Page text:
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Pruning Mulberry trees

RegBRegB Posts: 25

I have 2 mulberry trees in my garden in SW France. They have been identified as white mulberries thanks to a previous posting on this forum.

am I able to use these trees the same way the French use their black mulberries by heavy pruning and creating a shade canopy under which to sit? They are currently over 10 years old

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  • pansyfacepansyface PEAK DISTRICT DerbyshirePosts: 20,545

    They seem to be doing quite a good job of spreading already. I have a black mulberry and its natural shape would be along the same lines as these - sort of round and blobby. From what I remember of seeing white mulberry trees they end up more vertical and conical.I don't know if that is there natural shape or one they were given though,

    As you won't be growing them for fruit, I'd say you could train them to do more or less anything you liked, including making a dense shade tree. Sorry I can't be more constructive.

    Do you plan to make silk? Are you in the old Hugenot part of France? My knowledge of geography is a bit shaky.

    Apophthegm -  a big word for a small thought.
  • DovefromaboveDovefromabove Central Norfolk UKPosts: 79,322

    I know very little about growing mulberry trees, although I am particularly fond of one that I know image  so I had a Google and found this http://theshakespeareblog.com/blog/page/15/ 

    if you scroll down you'll find stuff about the mulberry tree's connection with Shakespeare - you may not find it interesting, but I did so I thought I'd share image

    “I am not lost, for I know where I am. But however, where I am may be lost.” Winnie the Pooh







  • RegBRegB Posts: 25

    Thank you for your replies pansy face and Dovefromabove. We live between Toulouse and Bordeaux on the edge of Gascony. I will check the Shakespeare connection, my wife will be interested.

    my worry is that the trees are likely to grow too large for my garden. I inhereted them and wouldn't have planted them myself. How big is your black mulberry Dovefromabove? Do you have a large garden? Do you let it grow naturally?

  • pansyfacepansyface PEAK DISTRICT DerbyshirePosts: 20,545

    Thanks for that link Dove, it was fascinating. I didn't know that they had closed New Place to non-residents. No doubt to keep the mulberries to themselves. The variety that Shakespeare knew must have been the one that was brought back from the Crusades (and this is a scion), because King James I (after whom my variety is named) hadn't been invited down to England by the time Shakespeare shuffled off his mortal coil. An amazing thought that one plant can be propagated on and on for centuries isn't it?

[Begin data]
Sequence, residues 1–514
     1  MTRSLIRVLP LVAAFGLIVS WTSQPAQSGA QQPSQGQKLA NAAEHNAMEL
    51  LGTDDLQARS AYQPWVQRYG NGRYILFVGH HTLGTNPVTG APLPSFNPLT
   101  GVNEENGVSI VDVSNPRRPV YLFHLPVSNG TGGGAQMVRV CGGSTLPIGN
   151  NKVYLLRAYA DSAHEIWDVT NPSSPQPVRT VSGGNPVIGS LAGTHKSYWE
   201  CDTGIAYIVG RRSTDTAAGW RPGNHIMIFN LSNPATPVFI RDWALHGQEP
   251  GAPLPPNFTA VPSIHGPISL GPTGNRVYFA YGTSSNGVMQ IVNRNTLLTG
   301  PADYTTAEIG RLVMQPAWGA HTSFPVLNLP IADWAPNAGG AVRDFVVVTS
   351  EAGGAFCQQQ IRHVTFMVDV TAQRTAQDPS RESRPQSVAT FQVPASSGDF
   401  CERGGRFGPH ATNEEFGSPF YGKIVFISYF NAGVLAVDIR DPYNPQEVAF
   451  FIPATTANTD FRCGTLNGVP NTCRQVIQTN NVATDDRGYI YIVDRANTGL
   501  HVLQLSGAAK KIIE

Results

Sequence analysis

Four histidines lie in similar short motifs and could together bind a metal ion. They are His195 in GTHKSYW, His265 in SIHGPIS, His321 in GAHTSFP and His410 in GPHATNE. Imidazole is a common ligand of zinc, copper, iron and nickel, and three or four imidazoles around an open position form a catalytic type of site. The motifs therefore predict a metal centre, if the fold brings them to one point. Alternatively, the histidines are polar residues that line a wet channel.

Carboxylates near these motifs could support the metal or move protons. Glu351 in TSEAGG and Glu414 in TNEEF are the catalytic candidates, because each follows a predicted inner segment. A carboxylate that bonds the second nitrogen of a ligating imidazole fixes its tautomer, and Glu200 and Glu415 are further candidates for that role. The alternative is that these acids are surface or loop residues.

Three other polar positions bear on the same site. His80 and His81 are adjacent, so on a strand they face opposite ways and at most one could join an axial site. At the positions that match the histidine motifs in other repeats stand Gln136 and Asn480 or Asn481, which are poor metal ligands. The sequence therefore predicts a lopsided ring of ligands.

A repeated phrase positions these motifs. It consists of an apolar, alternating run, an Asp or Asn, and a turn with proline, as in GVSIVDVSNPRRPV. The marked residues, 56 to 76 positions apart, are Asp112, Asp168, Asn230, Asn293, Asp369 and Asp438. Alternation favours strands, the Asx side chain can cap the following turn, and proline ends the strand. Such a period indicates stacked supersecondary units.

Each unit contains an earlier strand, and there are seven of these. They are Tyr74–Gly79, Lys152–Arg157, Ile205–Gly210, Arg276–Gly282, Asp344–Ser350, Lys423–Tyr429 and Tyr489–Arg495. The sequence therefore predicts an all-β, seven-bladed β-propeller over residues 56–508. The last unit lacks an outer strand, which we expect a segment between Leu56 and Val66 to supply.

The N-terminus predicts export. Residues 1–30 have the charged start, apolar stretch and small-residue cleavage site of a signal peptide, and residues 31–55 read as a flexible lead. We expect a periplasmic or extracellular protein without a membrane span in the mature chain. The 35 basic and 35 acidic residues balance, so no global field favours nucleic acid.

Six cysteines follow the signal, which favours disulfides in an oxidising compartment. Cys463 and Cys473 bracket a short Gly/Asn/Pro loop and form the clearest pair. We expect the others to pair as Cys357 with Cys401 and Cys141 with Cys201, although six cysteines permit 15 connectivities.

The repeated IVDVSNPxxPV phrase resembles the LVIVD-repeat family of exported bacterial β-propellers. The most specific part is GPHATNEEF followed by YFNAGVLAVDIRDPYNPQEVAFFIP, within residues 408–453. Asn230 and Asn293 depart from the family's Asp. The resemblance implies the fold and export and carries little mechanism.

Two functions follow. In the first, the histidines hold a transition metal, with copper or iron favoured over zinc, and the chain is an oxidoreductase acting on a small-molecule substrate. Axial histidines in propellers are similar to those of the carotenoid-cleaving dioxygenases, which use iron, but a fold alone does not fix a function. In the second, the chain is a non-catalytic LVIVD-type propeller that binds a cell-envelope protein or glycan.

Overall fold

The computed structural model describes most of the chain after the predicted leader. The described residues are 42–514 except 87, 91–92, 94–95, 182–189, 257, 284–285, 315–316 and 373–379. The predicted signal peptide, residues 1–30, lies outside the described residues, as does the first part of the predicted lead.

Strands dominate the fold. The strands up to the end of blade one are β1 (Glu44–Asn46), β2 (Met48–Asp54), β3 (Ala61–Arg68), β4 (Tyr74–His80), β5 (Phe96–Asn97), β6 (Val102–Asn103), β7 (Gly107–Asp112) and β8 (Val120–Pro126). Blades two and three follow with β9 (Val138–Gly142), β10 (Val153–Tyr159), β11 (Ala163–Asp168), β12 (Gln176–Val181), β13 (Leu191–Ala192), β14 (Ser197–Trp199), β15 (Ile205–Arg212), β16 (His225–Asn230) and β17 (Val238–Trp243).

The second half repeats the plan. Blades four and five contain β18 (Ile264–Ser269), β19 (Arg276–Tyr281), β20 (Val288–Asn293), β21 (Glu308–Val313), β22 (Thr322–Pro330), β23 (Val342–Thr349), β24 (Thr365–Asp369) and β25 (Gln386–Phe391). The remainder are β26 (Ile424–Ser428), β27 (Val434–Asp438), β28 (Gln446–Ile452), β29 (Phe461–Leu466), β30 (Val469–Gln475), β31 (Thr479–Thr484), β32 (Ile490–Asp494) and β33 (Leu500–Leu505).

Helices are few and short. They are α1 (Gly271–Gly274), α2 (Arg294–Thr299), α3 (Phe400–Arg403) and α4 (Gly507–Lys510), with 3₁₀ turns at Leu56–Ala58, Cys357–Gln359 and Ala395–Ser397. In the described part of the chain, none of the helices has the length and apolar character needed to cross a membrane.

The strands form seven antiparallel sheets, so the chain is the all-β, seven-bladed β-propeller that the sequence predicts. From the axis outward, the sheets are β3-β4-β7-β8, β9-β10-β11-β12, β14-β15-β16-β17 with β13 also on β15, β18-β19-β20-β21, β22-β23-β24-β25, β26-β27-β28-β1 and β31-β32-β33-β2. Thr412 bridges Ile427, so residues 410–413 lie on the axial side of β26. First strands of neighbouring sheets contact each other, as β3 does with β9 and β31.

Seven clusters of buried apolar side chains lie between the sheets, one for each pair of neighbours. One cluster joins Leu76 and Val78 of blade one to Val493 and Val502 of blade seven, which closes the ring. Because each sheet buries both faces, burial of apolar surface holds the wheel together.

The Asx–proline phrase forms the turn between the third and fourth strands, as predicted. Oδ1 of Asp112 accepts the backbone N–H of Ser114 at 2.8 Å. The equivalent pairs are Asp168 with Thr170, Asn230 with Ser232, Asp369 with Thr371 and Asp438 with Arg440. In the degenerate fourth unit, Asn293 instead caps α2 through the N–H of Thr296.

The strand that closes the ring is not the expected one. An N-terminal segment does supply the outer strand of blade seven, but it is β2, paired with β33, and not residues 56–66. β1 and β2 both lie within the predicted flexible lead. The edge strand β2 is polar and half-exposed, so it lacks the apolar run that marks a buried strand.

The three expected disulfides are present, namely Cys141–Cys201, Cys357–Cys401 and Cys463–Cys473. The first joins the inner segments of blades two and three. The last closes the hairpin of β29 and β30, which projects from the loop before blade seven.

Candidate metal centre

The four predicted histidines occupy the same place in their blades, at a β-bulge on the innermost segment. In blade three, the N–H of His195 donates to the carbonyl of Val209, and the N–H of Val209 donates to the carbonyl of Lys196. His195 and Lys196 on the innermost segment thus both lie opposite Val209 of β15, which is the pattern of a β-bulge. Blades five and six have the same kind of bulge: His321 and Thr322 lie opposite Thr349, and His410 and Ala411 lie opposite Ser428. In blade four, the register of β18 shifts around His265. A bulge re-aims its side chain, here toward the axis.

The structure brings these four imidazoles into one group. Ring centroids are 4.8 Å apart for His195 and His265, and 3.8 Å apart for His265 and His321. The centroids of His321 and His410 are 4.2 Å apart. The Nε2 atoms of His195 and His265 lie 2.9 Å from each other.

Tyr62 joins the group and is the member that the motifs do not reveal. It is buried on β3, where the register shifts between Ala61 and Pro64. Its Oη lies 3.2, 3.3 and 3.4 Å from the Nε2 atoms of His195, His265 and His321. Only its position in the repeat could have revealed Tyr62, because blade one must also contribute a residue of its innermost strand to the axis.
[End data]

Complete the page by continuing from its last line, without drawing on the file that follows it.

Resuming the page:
RegB, I think we are T cross purposes. You say that you have white mulberries whereas Shakespeare and I (I like the sound of Shakespeare and I) own(ed) the black one. Mine is a mere infant compared to his though.

    Apophthegm -  a big word for a small thought.
  • DovefromaboveDovefromabove Central Norfolk UKPosts: 79,322

    The black mulberry that I'm fond of isn't in my garden - it's in an enclosed courtyard, called The Garth at Blackfriars, part of Norwich School of Art.  Many a sandwich lunch has been eaten under that tree by happy art students.  The Garth is roughly the size of a lawn tennis court.  

    “I am not lost, for I know where I am. But however, where I am may be lost.” Winnie the Pooh







  • RegBRegB Posts: 25

    Thank you both. I think my two grow to 20 metres high and will cover my garden. Therefore they are candidates for either severe pruning or felling. Thanks for you help.

  • DovefromaboveDovefromabove Central Norfolk UKPosts: 79,322

    I've seen that Wikipedia states they grow to 20m but I'd take that info with a large pinch of salt.

    Everywhere else I've seen White Mulberry described as a small to medium sized tree and this site says it'll grow to 5-10m http://www.barcham.co.uk/trees-for-sale/buy-white-mulberry-morus-alba-platanifolia 

    If it was me I'd want to be much more sure of my information before I started reducing the size of what appear to be lovely well-balanced trees, and possibly ruining their overall appearance. 

    I think more research is needed. image

    “I am not lost, for I know where I am. But however, where I am may be lost.” Winnie the Pooh







  • pansyfacepansyface PEAK DISTRICT DerbyshirePosts: 20,545

    I agree. My old book says 30 feet, which is about the same.

    Apophthegm -  a big word for a small thought.
  • RegBRegB Posts: 25

    Mike, I get no fruits. I believe one must have a male and a female For pollinationI have two of the same so, I have been here( in SW France) for 8 years. No fruits! I'm afraid my garden cannot house these two trees.

    what more research can I do Dovefromabove above? Any suggestions? I would like to avoid getting rid of them

  • DovefromaboveDovefromabove Central Norfolk UKPosts: 79,322

    I understand that if these have been planted to provide shade then they will both have been the same sex, as people don't want the fruits dropping onto garden benches and staining people's clothes etc.

    If I were you I'd buy or build a pretty seat and enjoy the garden.  I'm sorry but I really can't see anything wrong with your trees.  They're a lovely shape, they'll provide you with shade from the noonday sun and they won't grow very much bigger than they already are.

     

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     What other planting have you planned for that part of your garden?

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    “I am not lost, for I know where I am. But however, where I am may be lost.” Winnie the Pooh







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